Treasury Sec. Janet Yellen said that the U.S. economy has ‘never worked fairly’ for black Americans in remarks on Martin Luther King Day.
In recorded remarks before the National Action Network’s Annual King Day Breakfast, Yellen recalled a portion of King’s ‘I Have a Dream’ speech where he compares discrimination against black Americans to a bounced check from the founding fathers.
‘It’s obvious today that America has defaulted on this promissory note,’ Yellen claimed. ‘But we refuse to believe the bank of justice is bankrupt.’
‘From Reconstruction to Jim Crow to the present day, our economy has never worked fairly for black Americans or really for any American of color,’ she continued.
The secretary then highlighted the work of the Biden administration to address the racial wealth gap.
‘From Reconstruction to Jim Crow to the present day, our economy has never worked fairly for black Americans or really for any American of color,’ Yellen said
In words before the National Action Network’s Annual King Day Breakfast, Yellen recalled a portion of King’s ‘I Have a Dream’ speech where he compares discrimination against Black Americans to a bounced check from the founding fathers
She said the Treasury had completed its first-ever equity review, and had hired the most diverse leadership, including hiring the first counselor on racial equity. Yellen said that equity from the American Rescue Plan had been directed specifically to communities of color and the Treasury had injected $9 billion into community development financial institutions.
‘There is still much more work Treasury needs to do to narrow the racial wealth divide,’ she said.
The Federal Reserve determined in an analysis using 2019 figures that black families held less than 15% the wealth of white families.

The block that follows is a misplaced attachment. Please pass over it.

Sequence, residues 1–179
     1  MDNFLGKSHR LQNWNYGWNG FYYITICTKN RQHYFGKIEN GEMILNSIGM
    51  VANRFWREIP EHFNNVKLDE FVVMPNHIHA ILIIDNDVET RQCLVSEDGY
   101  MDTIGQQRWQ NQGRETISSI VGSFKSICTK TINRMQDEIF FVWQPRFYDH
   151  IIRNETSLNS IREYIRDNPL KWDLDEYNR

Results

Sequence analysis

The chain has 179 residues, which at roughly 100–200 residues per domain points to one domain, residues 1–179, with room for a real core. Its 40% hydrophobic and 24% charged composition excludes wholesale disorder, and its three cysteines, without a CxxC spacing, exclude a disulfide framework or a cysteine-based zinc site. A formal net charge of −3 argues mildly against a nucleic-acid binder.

A black family’s median net worth in 2019 was $24,100 while a white family’s median net worth was $188,200, according to the Federal Reserve.
Using the mean, a black family’s average net worth in 2019 was $142,500 while a white family’s mean net worth was $983,400.
The mean is substantially higher than the median due to the higher concentration of wealth at the top for each group.
Hispanic families, meanwhile, had a median net worth of $36,100 and a mean of $165,500.
Other families – those of Asian, American Indian and other descents – had lower wealth than white families and higher wealth than black and Hispanic families.
Families of all races have not been able to fully recover since the financial crisis of 2008, though the recession had the strongest effect on white families. Over the 2007 to 2019 period, wealth for the typical white family fell 11 percent while a black family’s wealth fell 7 percent.
The Fed noted that the high concentration of white wealth could be in part due to the fact that white families are far more likely to receive an inheritance or financial gift than black families – 29.9% of white families do, while 10.1% of black Americans can say the same.
At the same time, white unemployment is much lower and homeownership is much higher. The December white unemployment rate was 3.1% while the black unemployment rate was 7.2%. While 74% of white households owned their own home in the third quarter of 2021, only 44% of black households did.
President Biden chose to focus his MLK Day address on legislation to expand voting rights that has so far failed to make its way through Congress.
‘Dr. King wasn’t just a dreamer of that promise, he was a doer. And on this federal holiday that honors him, it’s not just enough to praise him. We must commit to his unfinished work, to deliver jobs and justice, to protect the sacred right to vote, the right from which all other rights flow,’ he continued.
The president pivoted to a harsher tone as he accused Republicans of ‘attacking’ American democracy over their election security measures and once again invoked the deadly insurrection at the United States Capitol.
‘Attack (sic) on our democracy is real, from the January 6 insurrection to the onslaught of Republicans’ anti-voting laws in a number of states. It’s no longer just about who gets to vote. It’s about who gets to count the vote, and whether your vote counts at all,’ Biden said.
He said GOP efforts to strengthen security at the ballot box were about ‘two things: voter suppression and election subversion.’
‘In his time, through his courage, his conviction, his commitment, Dr. King held a mirror up to America and forced us to answer the question: Where do we stand? Whose side are we on?’ Biden said.